A chick can walk almost as soon as it’s hatched, and it’ll basically remain the same kind of chicken, with the same kind of brain, until it dies. Humans are born relatively useless, but our brains are blank slates and are continually altering and learning new skills until the moment we die. 

“As far as being human, one of the illusions that we live with is that we’re the same person through time. In fact, we’re changing every moment of our lives,” Eagleman says. 

This constant learning and adaption is what makes humans human. It’s why a 90-year-old who was born before the TV age can use a mobile phone. This “plasticity” is what makes us clever; it’s what makes us the planet’s apex predator; it’s what gives us consciousness and art and science. That’s why as a species we’re capable of producing both Mozart and Hitler.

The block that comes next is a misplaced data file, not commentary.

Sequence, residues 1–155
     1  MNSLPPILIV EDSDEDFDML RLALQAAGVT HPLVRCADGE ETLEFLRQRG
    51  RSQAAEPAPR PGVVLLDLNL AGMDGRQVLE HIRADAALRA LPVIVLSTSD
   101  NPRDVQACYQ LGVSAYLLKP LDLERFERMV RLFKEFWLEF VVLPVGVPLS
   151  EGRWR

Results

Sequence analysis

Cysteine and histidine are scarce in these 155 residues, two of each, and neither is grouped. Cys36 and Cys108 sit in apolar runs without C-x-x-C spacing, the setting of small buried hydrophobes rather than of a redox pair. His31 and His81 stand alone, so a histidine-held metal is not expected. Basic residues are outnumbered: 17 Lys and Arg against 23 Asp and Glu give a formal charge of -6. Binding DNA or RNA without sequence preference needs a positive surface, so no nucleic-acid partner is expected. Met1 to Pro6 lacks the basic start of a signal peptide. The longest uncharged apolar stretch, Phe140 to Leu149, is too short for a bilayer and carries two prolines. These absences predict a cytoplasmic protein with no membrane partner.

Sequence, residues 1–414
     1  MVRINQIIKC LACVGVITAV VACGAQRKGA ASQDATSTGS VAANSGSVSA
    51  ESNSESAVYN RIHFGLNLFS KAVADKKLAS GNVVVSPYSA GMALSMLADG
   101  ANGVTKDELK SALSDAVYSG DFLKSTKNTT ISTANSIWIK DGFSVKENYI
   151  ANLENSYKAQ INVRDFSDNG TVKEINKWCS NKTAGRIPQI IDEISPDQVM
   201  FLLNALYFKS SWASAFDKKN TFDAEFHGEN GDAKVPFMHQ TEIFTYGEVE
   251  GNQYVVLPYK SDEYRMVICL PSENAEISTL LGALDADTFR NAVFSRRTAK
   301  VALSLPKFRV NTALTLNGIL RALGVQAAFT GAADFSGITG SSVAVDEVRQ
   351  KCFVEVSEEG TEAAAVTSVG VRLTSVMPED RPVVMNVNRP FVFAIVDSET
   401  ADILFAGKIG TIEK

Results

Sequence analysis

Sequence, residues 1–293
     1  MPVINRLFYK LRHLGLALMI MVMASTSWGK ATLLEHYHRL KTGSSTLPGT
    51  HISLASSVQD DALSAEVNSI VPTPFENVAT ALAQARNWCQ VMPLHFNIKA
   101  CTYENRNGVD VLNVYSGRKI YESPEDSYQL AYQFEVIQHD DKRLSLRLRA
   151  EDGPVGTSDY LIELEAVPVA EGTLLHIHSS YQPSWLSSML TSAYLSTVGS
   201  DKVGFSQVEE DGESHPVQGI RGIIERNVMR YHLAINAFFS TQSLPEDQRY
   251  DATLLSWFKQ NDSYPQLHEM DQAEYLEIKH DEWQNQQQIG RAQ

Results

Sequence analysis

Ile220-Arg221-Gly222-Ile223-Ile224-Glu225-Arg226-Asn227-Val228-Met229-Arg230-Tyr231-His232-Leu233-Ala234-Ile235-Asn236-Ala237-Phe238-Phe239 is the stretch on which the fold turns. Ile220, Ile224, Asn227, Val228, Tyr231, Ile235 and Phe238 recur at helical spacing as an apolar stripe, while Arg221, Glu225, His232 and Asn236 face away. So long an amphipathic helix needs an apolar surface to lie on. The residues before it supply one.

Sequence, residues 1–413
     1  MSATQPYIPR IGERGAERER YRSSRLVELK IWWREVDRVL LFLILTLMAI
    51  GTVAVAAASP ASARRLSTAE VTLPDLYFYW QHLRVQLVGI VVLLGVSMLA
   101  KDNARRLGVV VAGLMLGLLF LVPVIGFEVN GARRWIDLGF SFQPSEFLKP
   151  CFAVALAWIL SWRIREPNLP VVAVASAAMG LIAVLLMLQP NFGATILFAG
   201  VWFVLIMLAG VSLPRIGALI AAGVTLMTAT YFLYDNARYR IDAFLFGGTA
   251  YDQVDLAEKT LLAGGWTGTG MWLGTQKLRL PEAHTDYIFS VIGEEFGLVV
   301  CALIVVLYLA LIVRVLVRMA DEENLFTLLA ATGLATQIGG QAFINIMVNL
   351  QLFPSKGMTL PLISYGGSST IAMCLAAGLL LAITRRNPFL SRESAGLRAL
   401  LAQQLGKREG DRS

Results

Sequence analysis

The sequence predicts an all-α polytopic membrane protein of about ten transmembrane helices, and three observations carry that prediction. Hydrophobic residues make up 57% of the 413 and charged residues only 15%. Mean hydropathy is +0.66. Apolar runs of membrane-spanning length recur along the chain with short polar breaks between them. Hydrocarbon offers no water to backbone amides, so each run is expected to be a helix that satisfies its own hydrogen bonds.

Potato Head theory
KEY to understanding where Eagleman is taking us are experiments which show how the human brain can be completely rewired. If the visual cortex is damaged – the part of the brain which lets us see – the eye can be rewired to the auditory cortex, used for hearing. 

The “hearing” part of the brain will quickly learn to “see”. This can return sight – and points to a “cure” for all sorts of sensory problems, from blindness to deafness.

It is what Eagleman calls the “Mr Potato Head Theory”. The brain is so multi-purpose that like the Potato Head toy you can jack just about anything in anywhere and get it to function. We previously thought that the “sight parts”, “sound parts”, “taste”, “touch” and “smell” parts of the brain could do only one thing: see, hear, taste, touch, smell. Not true. The brain can be rewired to do just about anything.